Even if people can’t walk away from screens entirely, paying attention to specific tech-use patterns, say experts, may help them use technology more intentionally. “I started using lots of different tracking tools on my phone,” says Oregon-based anthropologist Amber Case. She realised she was clicking on Instagram 80 times a day, so she downloaded One Sec, a plugin that makes users take a deep breath before they can open and access the apps on their phone. It forces the user to take a moment before they log on and helps pull them out of autopilot mode.
Case also recommends getting out of the habit of scrolling through your phone as a break, and suggests that it can be helpful to leave your phone elsewhere when you don’t need it. “People will dip into their phone like they’d dip into a cigarette,” says Case. “They’re occupying what could be empty time and filling it with other people’s ideas.” Instead, she says, rest by staring into space, allow yourself to be bored for a minute.
Ultimately, say experts, the goal shouldn’t be to cut off technology, full stop – or internalise the pressure to do so. People still need to send an email or dash off a text, but can do so without getting distracted by the various wormholes of online content.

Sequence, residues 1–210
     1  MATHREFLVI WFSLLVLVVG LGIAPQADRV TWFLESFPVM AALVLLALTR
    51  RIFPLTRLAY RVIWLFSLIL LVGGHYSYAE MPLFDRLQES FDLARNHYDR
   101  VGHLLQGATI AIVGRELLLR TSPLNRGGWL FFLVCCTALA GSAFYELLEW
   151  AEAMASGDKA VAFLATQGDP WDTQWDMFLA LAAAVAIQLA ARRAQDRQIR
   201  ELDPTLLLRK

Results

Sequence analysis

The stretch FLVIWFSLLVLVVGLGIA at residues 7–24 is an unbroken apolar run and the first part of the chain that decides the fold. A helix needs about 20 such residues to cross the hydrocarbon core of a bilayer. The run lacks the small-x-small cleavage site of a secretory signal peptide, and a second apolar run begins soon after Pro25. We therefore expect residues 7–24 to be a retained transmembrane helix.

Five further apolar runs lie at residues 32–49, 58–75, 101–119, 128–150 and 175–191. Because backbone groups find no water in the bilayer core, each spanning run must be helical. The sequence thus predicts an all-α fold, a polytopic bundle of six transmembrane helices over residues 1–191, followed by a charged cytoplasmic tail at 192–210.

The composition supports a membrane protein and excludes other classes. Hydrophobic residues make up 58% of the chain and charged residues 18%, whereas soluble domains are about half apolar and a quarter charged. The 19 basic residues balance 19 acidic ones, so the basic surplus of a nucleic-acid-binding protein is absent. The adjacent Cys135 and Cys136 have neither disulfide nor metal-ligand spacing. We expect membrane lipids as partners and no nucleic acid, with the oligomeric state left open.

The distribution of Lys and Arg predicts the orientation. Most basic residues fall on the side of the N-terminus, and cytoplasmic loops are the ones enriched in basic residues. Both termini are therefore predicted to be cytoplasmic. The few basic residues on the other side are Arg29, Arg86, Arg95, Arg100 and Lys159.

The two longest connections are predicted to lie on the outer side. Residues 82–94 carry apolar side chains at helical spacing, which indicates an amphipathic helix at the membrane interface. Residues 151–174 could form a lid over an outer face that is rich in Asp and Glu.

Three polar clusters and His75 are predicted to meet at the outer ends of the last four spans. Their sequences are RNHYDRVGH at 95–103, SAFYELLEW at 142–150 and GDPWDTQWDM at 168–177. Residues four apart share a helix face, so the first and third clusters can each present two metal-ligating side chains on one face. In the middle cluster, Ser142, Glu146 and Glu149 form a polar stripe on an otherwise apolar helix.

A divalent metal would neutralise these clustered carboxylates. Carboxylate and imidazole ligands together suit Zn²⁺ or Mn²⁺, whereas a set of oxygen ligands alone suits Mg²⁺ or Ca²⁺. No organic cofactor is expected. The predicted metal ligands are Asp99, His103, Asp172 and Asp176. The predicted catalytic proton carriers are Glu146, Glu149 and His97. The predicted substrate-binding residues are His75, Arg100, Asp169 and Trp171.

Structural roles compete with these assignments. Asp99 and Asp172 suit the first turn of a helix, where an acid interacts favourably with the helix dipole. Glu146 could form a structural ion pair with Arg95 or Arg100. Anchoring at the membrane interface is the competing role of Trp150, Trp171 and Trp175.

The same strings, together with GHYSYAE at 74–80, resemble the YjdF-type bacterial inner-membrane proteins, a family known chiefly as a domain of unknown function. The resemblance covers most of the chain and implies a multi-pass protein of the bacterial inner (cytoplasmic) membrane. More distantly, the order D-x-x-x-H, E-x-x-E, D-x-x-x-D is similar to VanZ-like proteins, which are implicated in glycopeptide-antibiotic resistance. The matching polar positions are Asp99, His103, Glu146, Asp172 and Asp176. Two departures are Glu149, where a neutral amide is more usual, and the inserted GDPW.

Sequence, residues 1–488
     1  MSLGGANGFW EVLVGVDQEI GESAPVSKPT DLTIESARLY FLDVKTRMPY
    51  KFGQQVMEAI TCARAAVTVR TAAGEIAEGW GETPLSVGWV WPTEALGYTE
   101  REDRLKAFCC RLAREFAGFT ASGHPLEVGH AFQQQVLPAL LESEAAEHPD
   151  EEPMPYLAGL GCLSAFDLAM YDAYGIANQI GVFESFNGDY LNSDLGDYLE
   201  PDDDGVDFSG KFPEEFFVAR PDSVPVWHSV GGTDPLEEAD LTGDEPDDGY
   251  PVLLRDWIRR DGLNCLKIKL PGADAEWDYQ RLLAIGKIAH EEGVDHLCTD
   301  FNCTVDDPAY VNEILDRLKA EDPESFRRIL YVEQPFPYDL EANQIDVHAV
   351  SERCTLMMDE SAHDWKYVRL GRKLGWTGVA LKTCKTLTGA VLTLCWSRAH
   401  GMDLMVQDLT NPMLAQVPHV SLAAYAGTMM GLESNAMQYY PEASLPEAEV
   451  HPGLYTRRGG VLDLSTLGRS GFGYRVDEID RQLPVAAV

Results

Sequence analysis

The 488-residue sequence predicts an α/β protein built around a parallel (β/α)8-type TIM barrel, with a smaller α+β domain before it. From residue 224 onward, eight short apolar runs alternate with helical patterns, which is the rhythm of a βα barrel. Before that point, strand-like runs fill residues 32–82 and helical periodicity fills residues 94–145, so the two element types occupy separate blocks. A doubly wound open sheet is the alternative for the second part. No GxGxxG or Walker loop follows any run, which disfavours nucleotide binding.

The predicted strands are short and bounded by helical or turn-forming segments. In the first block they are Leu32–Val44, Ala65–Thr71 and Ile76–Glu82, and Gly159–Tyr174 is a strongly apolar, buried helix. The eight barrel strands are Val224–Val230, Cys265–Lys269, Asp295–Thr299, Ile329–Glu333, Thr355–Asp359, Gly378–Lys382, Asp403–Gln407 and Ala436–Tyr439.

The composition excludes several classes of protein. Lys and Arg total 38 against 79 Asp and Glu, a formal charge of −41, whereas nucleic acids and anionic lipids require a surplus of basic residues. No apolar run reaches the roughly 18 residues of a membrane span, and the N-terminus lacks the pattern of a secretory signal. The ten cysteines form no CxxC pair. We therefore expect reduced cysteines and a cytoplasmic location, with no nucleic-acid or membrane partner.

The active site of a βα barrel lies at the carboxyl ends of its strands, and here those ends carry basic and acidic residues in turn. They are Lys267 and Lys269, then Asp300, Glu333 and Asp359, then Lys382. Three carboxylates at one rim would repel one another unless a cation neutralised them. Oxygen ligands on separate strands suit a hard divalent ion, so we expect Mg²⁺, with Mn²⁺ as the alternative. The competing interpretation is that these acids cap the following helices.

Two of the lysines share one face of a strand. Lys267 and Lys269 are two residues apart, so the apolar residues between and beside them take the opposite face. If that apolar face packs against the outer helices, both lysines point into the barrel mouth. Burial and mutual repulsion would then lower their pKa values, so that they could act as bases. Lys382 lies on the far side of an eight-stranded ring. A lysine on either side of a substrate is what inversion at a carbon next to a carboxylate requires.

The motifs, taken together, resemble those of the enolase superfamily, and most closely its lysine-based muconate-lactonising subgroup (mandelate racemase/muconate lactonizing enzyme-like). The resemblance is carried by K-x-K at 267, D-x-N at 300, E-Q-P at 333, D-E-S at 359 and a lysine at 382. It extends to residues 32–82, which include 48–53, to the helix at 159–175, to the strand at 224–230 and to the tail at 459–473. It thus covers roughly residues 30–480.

Dancy calls this approach “grey detoxing” – you’re not totally immersed or totally cut off from technology. And there isn’t just one way to about the practice: his techniques including installing an app or plug-in to remove all metrics from social media, or even trading phones with loved ones, so you can use your screens as a way to intentionally connect with each other. “Every weekend I use my husband’s phone and he uses mine,” says Dancy. They reply to each other’s messages, listen to music through each other’s accounts. “It’s a way of actually becoming immersed in their life,” says Dancy. That is to say, their digital, often private, life.
The digital detox of 2012 may be outdated if you’re not a billionaire, but that doesn’t mean we are doomed to mindlessly scroll through the rest of our lives. Instead of causing ourselves more anxiety by attempting to live without our phones for a week, we can approach unavoidable screen time in a way that feels right for our individual lives – no Polynesian retreat necessary.